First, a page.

Recycle BC’s audit of Lake Cowichan’s recycling has not been as good as expected.
“They conducted the audit yesterday, and there was concern expressed,” said Lake Cowichan CAO Joe Fernandez.
Lake Cowichan’s recycling has been including nine to 12 per cent contamination.
“We’d promised Recycle BC to keep it below three per cent,” Fernandez said. “They’ve compared us to Duncan, B.C. and Duncan is at three per cent. There are a lot of communities at six. We’re not doing very good. What Duncan has done and maybe we should look at is imposing a fine on people who are putting out material that’s not recyclable. Is that something Lake Cowichan should consider?”
What the audit particularly found was that people were trying to sneak film plastic into their recycling.
‘They [Recycle BC] went around yesterday to see what people had put out. They’d like us to improve on those numbers,” he said. “It’s mostly film plastic, grocery bags, and some Styrofoam and people need to ensure that recycling is placed loosely, not in plastic bags.”
Part of the solution starts at the collection end, part with public education.
“They indicated the contractor has been pretty good because he takes the Styrofoam out of the packages and leaves it behind. But if it’s in a bag he does pick it up. We’ve got to tell the contractor not to pick up shopping bags with stuff in them,” he said.
Coun. Tim McGonigle said some families are really making the effort, following a public education push on the town’s website, showing all the items that could be picked up
“Now, we need a more subtle push on what’s not allowed. No plastic, no grocery bags, no Styrofoam in roadside recycling. There are opportunities to take it up to a recycle centre on a regular routine. My wife has 14 different bags that I have to take to different places. I am certainly not contaminating my recycling. I’d be kicked out of the house if I did so,” he said. “We might need an educational opportunity again.”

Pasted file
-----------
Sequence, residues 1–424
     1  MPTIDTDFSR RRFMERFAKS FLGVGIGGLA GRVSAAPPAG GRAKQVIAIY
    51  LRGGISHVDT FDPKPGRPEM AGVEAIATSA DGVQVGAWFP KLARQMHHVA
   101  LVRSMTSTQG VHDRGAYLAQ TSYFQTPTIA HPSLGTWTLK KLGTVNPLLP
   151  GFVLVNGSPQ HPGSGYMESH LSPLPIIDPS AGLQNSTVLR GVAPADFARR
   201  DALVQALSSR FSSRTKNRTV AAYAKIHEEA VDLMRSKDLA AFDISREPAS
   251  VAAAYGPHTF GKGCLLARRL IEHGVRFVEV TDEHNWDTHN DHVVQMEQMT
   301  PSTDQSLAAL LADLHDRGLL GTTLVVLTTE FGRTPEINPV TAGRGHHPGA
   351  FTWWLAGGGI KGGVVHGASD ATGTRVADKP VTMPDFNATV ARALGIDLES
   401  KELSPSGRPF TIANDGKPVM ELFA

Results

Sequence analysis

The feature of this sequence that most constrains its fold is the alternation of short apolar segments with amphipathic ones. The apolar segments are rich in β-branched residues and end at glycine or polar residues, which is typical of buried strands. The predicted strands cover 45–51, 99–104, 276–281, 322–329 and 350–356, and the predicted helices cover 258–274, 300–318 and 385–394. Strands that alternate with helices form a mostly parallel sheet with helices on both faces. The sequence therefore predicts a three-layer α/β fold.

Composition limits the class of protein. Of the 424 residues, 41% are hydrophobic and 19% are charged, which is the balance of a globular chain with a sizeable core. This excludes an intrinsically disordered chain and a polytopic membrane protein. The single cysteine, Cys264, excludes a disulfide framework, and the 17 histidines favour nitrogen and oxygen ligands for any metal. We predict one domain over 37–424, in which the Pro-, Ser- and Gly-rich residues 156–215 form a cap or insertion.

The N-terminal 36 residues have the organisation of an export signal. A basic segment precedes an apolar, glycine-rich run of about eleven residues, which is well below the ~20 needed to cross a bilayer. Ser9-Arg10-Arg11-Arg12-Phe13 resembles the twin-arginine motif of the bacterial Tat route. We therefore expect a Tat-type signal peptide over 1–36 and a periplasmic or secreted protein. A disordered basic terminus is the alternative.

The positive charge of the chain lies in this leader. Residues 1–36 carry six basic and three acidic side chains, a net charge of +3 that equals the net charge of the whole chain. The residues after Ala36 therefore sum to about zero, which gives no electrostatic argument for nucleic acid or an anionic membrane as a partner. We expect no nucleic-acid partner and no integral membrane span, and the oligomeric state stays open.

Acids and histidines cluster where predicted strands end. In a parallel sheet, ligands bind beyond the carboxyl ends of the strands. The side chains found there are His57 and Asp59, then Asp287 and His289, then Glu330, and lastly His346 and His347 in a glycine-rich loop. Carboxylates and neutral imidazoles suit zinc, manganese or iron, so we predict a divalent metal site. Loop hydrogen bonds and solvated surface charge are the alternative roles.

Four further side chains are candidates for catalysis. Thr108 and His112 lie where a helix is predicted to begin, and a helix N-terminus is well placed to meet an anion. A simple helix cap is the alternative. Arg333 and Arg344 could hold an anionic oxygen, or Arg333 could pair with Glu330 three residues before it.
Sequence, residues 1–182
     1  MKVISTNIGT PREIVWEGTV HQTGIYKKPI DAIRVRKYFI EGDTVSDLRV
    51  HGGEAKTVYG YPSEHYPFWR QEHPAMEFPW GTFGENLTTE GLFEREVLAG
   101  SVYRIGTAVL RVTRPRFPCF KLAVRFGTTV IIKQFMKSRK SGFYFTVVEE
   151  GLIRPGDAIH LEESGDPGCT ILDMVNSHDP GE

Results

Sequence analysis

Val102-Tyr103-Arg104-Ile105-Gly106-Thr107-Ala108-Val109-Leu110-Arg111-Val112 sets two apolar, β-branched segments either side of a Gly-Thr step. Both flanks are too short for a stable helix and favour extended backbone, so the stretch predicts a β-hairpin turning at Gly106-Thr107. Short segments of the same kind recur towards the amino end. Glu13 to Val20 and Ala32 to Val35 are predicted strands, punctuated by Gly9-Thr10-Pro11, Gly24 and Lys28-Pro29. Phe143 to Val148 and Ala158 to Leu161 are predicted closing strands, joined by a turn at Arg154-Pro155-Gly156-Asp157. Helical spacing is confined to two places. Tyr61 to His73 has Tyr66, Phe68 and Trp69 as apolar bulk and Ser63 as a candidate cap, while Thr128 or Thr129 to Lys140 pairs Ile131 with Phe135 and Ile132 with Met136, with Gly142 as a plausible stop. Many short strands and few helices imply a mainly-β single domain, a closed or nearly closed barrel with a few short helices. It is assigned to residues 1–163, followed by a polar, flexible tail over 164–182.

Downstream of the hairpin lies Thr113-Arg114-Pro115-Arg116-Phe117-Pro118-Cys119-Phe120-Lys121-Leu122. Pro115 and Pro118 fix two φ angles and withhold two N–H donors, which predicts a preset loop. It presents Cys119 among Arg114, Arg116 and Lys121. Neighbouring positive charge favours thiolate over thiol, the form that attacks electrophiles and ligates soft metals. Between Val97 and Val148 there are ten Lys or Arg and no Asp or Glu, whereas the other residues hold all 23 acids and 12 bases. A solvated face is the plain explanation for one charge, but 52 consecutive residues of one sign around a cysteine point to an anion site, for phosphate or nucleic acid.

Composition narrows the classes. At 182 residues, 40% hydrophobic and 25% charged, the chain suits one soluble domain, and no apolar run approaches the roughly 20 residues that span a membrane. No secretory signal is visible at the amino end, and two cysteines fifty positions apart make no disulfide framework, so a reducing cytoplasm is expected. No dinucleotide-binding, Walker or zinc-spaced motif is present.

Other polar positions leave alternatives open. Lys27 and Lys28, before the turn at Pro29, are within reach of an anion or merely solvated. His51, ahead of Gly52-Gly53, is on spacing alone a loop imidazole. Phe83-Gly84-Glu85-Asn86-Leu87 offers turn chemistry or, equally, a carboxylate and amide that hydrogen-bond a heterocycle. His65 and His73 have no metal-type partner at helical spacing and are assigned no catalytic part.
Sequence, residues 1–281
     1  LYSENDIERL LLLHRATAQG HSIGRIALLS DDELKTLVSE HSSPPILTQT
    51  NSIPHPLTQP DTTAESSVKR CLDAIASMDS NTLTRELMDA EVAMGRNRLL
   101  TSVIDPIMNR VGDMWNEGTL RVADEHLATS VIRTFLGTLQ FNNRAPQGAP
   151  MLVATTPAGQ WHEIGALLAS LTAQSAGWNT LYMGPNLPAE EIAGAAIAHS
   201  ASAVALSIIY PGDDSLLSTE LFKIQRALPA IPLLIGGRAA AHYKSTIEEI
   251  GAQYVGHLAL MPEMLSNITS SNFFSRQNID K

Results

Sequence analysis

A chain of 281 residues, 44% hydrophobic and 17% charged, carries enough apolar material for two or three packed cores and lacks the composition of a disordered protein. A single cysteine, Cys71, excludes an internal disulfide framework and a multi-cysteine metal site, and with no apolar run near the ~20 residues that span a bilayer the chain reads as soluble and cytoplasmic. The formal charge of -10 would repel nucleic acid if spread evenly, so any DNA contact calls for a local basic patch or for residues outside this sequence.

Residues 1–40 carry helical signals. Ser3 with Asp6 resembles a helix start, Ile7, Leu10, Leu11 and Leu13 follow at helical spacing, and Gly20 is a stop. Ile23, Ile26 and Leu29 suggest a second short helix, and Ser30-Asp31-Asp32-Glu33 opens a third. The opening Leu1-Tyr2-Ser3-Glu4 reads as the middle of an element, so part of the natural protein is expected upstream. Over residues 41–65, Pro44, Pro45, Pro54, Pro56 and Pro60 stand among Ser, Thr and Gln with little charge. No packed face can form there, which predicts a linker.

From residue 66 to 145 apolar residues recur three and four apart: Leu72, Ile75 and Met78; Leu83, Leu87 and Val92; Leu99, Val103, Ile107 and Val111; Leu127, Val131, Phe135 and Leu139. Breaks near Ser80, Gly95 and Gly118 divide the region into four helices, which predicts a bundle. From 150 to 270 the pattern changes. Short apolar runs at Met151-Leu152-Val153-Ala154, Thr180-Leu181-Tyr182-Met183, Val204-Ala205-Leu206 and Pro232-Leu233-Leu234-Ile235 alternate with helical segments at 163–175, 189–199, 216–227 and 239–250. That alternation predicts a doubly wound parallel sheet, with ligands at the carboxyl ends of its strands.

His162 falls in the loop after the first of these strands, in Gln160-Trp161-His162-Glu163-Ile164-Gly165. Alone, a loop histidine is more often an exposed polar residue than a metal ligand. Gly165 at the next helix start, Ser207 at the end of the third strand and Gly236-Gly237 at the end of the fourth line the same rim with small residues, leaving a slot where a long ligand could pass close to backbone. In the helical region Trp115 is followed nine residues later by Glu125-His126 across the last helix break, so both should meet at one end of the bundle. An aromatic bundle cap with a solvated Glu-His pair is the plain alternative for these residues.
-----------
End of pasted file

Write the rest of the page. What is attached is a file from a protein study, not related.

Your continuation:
Coun. Carolyne Austin said she has seen Styrofoam picked up and taken away.
“How do we tell people not to do it? Do we leave a note on the bag?”
Fernandez said that people will try to see if they can sneak something by the collectors.
“Even though people know that certain things cannot be put out, they will try it once and if they get away with it and see it picked up, they will keep on doing it and it gets worse,” he said.
McGonigle said that one more concerted effort to inform the public would be worthwhile.
“I just want to make sure we’re doing our due diligence prior to any consideration of a fine,” he said.
Mayor Ross Forrest suggested that “we could have somebody from Recycle BC come to our town meeting [in May]. Public education needs to be ongoing. Nine to 12 per cent is not acceptable. The town could eventually be looking at quite a substantial fine [over it].”